Provider enrollment is crucial for health plans to ensure that members have access to a full range of services. Credentialing verifies a clinician’s training and licensing. Enrollment establishes the technical connection between the provider and the plan. The processes can be complex and time-consuming, but partnering with dedicated enrollment experts – like UHIN – can help streamline the onboarding experience and accelerate success in a highly competitive marketplace.

Why Enrollment Matters

Health plans are constantly looking for better ways to serve the insured, from developing innovative wellness benefits to making it easier to access high-quality, affordable care in the community.

Provider network development is a huge component of this quest for continuous improvement.  Contracting with the right mix of providers – and enough of them – ensures that members can get a full range of services within an acceptable time frame.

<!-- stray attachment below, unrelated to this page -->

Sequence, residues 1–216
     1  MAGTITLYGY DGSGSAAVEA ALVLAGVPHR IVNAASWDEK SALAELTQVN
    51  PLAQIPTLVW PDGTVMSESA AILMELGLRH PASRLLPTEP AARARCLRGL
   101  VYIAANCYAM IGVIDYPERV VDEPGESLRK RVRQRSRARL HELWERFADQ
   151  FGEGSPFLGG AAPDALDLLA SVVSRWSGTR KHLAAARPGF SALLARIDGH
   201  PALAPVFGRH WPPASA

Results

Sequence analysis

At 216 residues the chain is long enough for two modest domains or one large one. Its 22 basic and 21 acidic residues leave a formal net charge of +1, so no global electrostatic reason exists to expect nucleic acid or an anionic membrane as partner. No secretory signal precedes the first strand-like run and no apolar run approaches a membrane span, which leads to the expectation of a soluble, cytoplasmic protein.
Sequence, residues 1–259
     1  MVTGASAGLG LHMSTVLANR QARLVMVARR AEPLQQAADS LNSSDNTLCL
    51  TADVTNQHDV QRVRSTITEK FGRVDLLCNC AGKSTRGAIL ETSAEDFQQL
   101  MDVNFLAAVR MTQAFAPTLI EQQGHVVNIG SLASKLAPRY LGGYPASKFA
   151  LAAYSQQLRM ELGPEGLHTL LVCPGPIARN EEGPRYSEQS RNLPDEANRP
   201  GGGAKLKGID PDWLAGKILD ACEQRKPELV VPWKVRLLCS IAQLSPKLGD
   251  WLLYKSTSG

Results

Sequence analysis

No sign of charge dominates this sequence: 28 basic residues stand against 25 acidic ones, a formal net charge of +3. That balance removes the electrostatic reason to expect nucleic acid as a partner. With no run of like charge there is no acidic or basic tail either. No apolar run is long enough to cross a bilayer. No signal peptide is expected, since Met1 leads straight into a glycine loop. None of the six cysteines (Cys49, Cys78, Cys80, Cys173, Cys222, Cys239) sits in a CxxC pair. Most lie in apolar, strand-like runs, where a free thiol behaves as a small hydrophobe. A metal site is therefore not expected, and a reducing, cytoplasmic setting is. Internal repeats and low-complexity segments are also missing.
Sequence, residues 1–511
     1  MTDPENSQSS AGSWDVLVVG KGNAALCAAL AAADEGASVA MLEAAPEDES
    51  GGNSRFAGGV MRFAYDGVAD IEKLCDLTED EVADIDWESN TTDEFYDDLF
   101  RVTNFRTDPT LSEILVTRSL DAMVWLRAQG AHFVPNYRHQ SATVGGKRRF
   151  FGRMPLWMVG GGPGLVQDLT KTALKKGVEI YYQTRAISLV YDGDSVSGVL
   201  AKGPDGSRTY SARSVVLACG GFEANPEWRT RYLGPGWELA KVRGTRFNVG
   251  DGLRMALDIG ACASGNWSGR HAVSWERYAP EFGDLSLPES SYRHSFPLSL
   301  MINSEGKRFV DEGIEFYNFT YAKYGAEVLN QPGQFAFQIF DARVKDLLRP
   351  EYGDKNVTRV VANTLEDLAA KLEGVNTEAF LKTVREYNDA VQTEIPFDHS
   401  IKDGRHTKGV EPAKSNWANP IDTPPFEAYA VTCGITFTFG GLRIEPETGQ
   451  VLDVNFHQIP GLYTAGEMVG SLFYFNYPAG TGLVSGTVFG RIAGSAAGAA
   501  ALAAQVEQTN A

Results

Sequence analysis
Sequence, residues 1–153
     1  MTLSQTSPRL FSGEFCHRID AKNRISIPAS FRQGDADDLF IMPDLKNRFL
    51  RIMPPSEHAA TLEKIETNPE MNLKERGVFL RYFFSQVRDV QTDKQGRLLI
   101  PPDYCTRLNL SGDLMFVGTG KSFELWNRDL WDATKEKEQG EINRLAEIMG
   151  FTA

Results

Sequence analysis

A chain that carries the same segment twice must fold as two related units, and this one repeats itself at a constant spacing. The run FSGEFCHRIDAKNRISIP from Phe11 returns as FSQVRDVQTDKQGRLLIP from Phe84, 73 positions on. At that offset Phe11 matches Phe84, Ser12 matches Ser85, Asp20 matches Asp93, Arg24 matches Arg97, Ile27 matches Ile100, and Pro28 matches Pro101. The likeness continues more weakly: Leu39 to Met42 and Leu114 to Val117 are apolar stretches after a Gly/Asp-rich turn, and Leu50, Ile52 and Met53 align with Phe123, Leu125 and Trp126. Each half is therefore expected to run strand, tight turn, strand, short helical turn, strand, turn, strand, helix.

Building this ecosystem isn’t always easy, especially when it comes to the nuts and bolts of bringing clinicians on board. Provider credentialing and provider enrollment are equally critical, yet they can often cause confusion and problems on both sides of the plan-provider relationship. 

In fact, providers not being registered/credentialed with a payer is the #1 reason for denials. The #2 reason for denials: the provider did not complete the payer-required process for enrollment.

Both steps – credentialing and enrollment – are crucial. However, even the fundamental differences between the two activities aren’t always clear, especially because they bump up against each other during onboarding. It’s important to understand what’s involved in each process, how they work, and why finding the right partner matters so much to health plans as they grow and mature.